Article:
Treating others with kindness is important, yes, but you also need to be doing the same for yourself if you want to be more confident. Self-compassion allows you to acknowledge your flaws and limitations. An 0ft-cited 2008 study published in the Journal of Personality found that higher levels of self-compassion predicted more stable feelings of self-worth and confidence (compared to just searching for higher self-esteem by comparing yourself to others). This, in turn, boosted happiness, optimism, and positive mood states.
A simple head nod hardly seems significant enough to change your confidence, but it can. A pivotal 2003 study publish in the Journal of Personality and Social Psychology held an experiment where people either nodded or shook their heads while listening to a persuasive message. By nodding, the participants enhanced their confidence in the message they heard. Shaking their heads, on the other hand, undermined their confidence.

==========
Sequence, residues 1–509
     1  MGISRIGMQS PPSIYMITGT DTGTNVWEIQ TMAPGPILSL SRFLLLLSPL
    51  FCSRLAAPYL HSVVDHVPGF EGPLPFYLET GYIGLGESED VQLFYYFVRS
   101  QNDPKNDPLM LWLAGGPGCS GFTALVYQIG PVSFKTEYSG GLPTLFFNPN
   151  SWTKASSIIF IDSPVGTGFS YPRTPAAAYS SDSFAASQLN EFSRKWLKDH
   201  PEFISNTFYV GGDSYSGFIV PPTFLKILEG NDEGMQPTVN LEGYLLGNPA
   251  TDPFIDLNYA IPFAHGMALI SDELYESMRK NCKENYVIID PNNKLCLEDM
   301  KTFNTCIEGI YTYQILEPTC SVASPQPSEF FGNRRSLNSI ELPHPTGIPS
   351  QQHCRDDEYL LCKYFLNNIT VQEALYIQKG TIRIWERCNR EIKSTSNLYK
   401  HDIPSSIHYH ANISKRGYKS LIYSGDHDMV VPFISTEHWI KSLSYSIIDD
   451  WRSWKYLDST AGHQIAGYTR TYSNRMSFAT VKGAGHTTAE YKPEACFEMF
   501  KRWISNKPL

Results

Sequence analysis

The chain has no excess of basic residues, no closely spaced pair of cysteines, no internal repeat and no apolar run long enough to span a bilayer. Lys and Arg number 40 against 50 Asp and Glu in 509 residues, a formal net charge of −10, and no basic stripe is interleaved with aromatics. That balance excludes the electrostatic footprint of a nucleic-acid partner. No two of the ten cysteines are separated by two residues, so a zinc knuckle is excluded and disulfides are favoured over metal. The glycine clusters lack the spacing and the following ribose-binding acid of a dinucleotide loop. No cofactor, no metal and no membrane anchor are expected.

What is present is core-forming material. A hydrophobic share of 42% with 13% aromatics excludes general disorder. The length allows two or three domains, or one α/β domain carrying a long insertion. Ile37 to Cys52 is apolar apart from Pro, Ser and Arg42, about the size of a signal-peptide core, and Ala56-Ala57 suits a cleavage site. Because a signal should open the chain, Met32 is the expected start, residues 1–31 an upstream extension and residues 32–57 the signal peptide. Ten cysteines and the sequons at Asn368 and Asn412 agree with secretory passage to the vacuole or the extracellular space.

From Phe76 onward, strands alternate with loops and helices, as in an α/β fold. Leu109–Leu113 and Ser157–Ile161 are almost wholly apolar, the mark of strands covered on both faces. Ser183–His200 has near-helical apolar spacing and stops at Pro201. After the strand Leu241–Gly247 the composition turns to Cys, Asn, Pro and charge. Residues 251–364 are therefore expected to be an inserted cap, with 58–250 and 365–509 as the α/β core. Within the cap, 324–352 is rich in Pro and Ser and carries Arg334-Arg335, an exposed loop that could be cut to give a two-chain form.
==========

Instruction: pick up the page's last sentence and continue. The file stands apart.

Fake it until you make it! A simple smile can boost your self-esteem in no time. In a 2012 Psychological Science study, psychological scientists Tara Kraft and Sarah Pressman found that manipulating positive facial expressions improved stress recovery in times that people felt anxious or unsure of themselves. So, smiling through the stress can help you feel more confident in what you are doing or experiencing.
If all else fails, try your hand at the popular 100 Days of Rejection challenge. Jia Jiang, founder of Rejection Therapy, came up with this project to make himself more confident over time. He embarked on a challenge where he made strange requests—that were most likely to be denied—for 100 days. This constant rejection helped him to desensitize the pain that comes from a “no.” And overcoming the fear of rejection can help you feel more confident in your everyday life.